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Councillor claims homeless figures skewedby inclusion of Travellers



Families waiting more than 10 years for a local authority home in Galway are being passed over because of a short-sighted Government policy, the head of Galway City Council’s Housing Policy Committee has claimed.

Councillor Declan McDonnell said that while there were many genuine cases among the dozens of people in Galway registered as homeless, a substantial number were using the system to get priority for social housing allocation.

He pointed to new figures showing that Travellers account for more than 80% of those registered as homeless in County Galway and more than 50% of the homeless in Galway City. The figures were obtained from the local authorities by Independent Galway West TD Noel Grealish.

“When you consider the fact that Travellers represent just 1.5% of the population of County Galway and 2.2% of the population of Galway City, and yet they make up the majority of those classified as homeless, it doesn’t make sense.

“It’s not like fifty years ago when you had substantial numbers of Travellers living on the side of the road and there was a genuine high level of homelessness among them,” said Cllr McDonnell.

He said that the Minister for Housing had back in January promised a new scheme that would promote the availability of affordable houses.

“We were told that would be published by now, but it hasn’t come. In the meantime, the Government has instructed that priority be given to those registered as homeless in the allocation of new housing.

“All they are doing is fighting one fire, while in the background people are being caught in the middle, people who have been ten years and more on the local authority waiting list are being passed over in favour of others who have only been there for a few months.

“It’s a short-sighted policy, when we don’t have another policy in place to help people who are being caught in the middle.

“Obviously there are many families who are genuinely homeless and urgently need accommodation, but there are a substantial number of others who are ‘gaming the system’, claiming to be homeless when in reality they are not.”

Cllr McDonnell insisted that he was not looking for Travellers to be treated differently that the rest of the community. “I’m looking for equal rights here for everyone.”

He warned that the current policy would lead to the creation of unbalanced housing estates and unsustainable communities.

“We have had this in two instances elsewhere in the county, where in one case four out of seven houses were allocated to Travellers.

“We cannot repeat this mistake in the city – It is vitally important that we continue to have balanced estates in Galway. There has to be integration, certainly, but it doesn’t have to be to the detriment of everybody else.”

Cllr McDonnell said that the current situation was not the fault of the staff of the local authorities. “This the deck of cards they have been dealt, this is government policy that they have to implement.”

He said the Government needed to act quickly to help people caught in the ‘middle income trap’, those earning between €35,000 and €60,000, who would never get a mortgage and they only way they would ever have a home of their own would be to get a subsidised house.

“There are groups of such people in Galway City willing to form a co-operative to build affordable houses for those in the middle income bracket and all they need is a site.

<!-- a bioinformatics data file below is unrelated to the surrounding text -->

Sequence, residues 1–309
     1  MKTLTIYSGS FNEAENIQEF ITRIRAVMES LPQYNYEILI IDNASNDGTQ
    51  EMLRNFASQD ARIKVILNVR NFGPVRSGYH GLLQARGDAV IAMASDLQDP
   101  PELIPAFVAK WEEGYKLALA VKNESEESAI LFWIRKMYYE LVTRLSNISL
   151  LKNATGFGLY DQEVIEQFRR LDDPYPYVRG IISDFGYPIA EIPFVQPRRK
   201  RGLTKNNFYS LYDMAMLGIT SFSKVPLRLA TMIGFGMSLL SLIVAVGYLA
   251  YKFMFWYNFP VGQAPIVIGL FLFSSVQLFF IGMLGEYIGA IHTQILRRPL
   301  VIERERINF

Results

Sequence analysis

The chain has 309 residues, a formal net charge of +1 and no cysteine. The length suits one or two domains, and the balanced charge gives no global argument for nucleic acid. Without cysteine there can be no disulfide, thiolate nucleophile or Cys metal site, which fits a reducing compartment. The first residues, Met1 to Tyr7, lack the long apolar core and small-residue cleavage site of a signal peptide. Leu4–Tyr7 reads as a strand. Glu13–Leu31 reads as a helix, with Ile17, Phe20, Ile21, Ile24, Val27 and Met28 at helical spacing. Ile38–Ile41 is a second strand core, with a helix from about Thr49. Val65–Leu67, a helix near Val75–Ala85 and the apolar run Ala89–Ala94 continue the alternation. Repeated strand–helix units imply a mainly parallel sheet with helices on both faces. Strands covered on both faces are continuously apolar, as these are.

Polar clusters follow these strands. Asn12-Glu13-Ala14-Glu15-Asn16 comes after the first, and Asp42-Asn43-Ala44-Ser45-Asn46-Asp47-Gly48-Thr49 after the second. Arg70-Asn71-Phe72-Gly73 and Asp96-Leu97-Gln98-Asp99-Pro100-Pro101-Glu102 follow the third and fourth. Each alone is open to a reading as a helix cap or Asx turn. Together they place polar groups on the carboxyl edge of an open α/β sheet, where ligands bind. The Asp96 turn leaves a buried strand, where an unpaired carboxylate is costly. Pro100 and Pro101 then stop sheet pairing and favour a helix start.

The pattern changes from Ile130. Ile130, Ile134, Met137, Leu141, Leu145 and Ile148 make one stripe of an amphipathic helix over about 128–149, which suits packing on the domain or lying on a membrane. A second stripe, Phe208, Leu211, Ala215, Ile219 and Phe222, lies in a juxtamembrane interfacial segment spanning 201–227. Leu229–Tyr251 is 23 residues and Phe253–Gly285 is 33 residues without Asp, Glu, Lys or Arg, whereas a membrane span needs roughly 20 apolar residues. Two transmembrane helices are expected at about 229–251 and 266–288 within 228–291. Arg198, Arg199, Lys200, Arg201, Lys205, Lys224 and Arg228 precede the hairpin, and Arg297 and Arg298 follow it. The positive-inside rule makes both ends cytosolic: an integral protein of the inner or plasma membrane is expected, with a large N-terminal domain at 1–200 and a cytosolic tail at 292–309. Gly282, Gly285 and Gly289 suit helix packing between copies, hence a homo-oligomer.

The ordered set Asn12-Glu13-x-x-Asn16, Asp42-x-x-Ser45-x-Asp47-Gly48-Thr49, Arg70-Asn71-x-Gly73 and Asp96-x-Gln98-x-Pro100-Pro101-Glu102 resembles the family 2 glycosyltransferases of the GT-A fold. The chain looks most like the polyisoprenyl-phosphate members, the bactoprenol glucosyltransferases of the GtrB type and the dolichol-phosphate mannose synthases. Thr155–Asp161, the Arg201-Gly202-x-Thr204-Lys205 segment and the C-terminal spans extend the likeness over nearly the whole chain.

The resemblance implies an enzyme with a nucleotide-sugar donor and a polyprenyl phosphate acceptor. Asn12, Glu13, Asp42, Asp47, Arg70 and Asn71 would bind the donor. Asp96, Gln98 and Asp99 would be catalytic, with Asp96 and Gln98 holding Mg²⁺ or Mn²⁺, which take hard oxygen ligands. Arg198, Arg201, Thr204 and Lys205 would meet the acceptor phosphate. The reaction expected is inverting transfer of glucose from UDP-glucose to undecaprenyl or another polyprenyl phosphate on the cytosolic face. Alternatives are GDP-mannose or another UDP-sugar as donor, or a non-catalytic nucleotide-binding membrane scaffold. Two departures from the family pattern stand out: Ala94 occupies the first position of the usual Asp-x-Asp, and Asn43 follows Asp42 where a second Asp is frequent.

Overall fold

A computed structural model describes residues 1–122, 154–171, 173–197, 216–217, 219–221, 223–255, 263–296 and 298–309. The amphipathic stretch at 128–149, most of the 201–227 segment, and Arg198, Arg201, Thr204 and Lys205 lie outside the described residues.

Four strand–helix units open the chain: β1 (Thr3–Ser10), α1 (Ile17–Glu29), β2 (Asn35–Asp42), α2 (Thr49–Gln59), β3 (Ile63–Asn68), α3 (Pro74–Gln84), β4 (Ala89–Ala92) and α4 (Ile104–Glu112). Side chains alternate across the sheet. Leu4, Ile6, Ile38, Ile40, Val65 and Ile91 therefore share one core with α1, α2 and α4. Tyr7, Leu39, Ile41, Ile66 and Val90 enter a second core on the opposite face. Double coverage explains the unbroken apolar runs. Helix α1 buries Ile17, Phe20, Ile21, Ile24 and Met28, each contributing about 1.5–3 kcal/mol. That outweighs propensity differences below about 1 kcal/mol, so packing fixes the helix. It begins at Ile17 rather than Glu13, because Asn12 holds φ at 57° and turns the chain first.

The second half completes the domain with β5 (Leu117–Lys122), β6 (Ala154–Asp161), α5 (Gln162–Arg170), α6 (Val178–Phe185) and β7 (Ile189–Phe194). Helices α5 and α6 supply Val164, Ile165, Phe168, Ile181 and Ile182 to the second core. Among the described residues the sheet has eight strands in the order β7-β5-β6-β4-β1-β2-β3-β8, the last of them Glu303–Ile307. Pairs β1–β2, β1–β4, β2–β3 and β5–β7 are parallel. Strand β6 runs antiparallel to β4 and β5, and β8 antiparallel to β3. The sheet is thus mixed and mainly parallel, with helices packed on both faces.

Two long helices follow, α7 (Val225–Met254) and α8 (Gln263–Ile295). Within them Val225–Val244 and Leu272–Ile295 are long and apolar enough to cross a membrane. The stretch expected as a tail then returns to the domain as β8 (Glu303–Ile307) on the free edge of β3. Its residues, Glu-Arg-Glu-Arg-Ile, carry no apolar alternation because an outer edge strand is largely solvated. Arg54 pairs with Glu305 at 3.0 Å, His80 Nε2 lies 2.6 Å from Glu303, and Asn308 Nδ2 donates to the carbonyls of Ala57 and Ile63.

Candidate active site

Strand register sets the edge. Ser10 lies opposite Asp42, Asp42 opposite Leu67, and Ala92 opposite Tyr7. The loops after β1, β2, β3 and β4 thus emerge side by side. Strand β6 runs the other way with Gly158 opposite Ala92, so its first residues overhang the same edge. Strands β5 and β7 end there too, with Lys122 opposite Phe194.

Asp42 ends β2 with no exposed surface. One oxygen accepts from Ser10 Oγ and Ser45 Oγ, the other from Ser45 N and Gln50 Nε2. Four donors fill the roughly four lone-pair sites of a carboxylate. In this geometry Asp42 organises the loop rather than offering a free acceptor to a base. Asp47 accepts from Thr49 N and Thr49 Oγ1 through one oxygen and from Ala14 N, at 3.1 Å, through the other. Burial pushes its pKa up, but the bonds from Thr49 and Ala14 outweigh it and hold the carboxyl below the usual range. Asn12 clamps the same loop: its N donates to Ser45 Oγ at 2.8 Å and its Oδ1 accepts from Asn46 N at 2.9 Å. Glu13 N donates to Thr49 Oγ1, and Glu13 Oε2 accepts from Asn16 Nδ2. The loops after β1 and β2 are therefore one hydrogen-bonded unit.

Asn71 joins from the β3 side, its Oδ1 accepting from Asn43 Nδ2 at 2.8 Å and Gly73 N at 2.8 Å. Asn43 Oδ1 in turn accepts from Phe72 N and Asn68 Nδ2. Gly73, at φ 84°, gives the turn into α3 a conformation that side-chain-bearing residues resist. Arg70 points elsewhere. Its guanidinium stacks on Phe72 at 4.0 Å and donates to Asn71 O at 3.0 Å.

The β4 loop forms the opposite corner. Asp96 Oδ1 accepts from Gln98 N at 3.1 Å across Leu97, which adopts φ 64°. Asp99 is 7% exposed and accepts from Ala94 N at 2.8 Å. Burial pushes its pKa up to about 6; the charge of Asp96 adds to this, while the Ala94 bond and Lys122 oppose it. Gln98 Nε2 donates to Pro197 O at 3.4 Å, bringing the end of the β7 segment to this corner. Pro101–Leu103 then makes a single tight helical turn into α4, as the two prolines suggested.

“There are others with low incomes who work with Galway City Partnership and want to build modular timber-frame houses at a cost of about €50,000 to €60,000 each for themselves using their skill, but again they need a subsidised site.

“The Credit Union has agreed to work with Galway City Partnership and to consider loans for these people and this would also take more people off the housing waiting list, but they need a serviced site. These guys are skilled lads, between them they would build the houses themselves – the houses come in packs – and they would bring the costs down by doing it this way.

“We had dozens of homes built in a similar way in places like the Monivea Road, in Glenina Heights and Meadow Grove back in the 1970s when co-ops got land cheaply and built their own homes. This is in its infancy at the moment, but it shows that there are ideas out there that need red tape lifted,” said Cllr McDonnell.


Zoning for houses ‘could impact Galway City Ring Road plan’



Councillors have voted to rezone farming land in Rahoon to allow for houses to be developed, against the advice of planners who warned it could impact on the planned Galway City Ring Road.

The Office of Planning Regulator and Chief Executive of Galway City Council both advised elected members not to change the zoning use from agricultural to residential on the 2.842-hectare (7-acre) site. But it was passed with 14 in favour, three against and one absent.

Cllr Declan McDonnell (Ind), who proposed the motion, said there was a need for more land to be zoned residential to facilitate the growth in population of 40,000 over the next 18 years. Cllr Noel Larkin seconded his proposal.

Brendan McGrath, the Chief Executive, said there was “no requirement to rezone additional land for residential purposes to meet the needs of the targeted population increase up to 2029”.

He said there was sufficient zoned land available to enable development.

The OPR said voting to change the zoning represented a piecemeal approach to planning and was inconsistent with national and regional policy.

“It is also considered that the proposed rezoning could prejudice the strategic future optimal use of these lands in the longer term. With regard to impact on the objective for the N6 Galway City Ring Road Scheme (GCRR), all development has to take cognisance of the objective for the N6 GCRR.

“It is also noted that the draft plan includes that the objective for the N6 GCRR has priority over all land use zoning objectives which is considered to provide sufficient protection to safeguard the scheme objective,” Mr McGrath said.